1441/2023 – Environmental Trust Ireland and the Limerick Leader/LimerickLive.ie
Environmental Trust Ireland appealed the decision of the Press Ombudsman to the Press Council of Ireland on the grounds that (1) the procedures followed in making the decision were not in accordance with the published procedures for submitting and considering complaints and (2) there was an error in the Press Ombudsman’s application of the Principles of the Code of Practice.
Environmental Trust Ireland complained that an article headlined “Special meeting on student complex” in the Limerick Leader and “‘Spurious’ objections and ‘nimbyism’ over Limerick student halls plan criticised” in LimerickLive.ie, breached Principle 1 (Truth and Accuracy), Principle 2 (Distinguishing Fact and Comment), Principle 4 (Respect for Rights) and Principle 8 (Prejudice) of the Code of Practice.
PRESS OMBUDSMAN’S DECISION
The Press Ombudsman decided not to uphold the complaint.
The Press Council considered the appeal at its meeting on Wednesday, 7 June 2023
The procedures followed in making the decision were not in accordance with the published procedures for submitting and considering complaints.
The Press Council decided to reject this part of the appeal on the basis that it did not contain sufficient evidence to support the claim made by the appellant that the procedures followed in making the decision were not in accordance with the published procedures for submitting and considering complaints.
There was an error in the Press Ombudsman’s application of the Principles of the Code of Practice.
The Press Council finds that there has been no error in the application of the Code of Practice with regard to truth and accuracy, distinguishing fact and comment, respect for rights or prejudice.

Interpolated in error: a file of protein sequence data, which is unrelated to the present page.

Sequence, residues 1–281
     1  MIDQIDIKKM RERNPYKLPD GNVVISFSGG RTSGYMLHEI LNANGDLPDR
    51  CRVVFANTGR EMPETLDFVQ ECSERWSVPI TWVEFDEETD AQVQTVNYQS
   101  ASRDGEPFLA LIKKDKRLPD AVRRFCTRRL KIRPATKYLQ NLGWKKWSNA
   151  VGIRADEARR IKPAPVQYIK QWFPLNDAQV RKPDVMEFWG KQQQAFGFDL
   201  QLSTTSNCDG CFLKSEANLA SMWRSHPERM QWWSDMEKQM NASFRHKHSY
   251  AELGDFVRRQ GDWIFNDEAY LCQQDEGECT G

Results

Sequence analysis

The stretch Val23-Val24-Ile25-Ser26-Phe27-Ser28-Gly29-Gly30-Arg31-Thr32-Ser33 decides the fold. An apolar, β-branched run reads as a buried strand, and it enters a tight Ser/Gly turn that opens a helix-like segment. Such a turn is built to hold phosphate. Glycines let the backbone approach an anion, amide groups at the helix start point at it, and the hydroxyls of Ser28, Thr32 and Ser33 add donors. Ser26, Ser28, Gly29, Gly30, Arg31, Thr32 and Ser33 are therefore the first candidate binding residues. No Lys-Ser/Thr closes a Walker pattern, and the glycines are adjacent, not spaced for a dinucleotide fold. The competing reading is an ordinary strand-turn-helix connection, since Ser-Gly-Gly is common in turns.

In essence the appeal simply disagrees with the decision of the Press Ombudsman. Such disagreement does not form the basis of an appeal.
The article was a fair and accurate news report of a local authority meeting which clearly attributed claims or comments to individual councillors speaking at the meeting.
The points of detail raised in the appeal – in particular as regards the legal context of the meeting – are minor and do not materially affect the substance.
Describing in common parlance Environmental Trust Ireland, or any other organisation advocating particular policies or actions in an area of interest to it, as a lobby group is reasonable and non-pejorative.
There was no evidence to suggest intent to stir up hatred and Environmental Trust Ireland does not fall under the categories listed under Principle 8 of the Code.
The Press Council has therefore rejected the appeal on this ground also.
The Press Council strongly rejects the appellant’s claim that “there is an element of arbitrariness and capriciousness in the decision-making process of the Press Ombudsman.” The Ombudsman decides on each complaint on a case-by-case basis and there is the option of an appeal to the Press Council, as in the current case.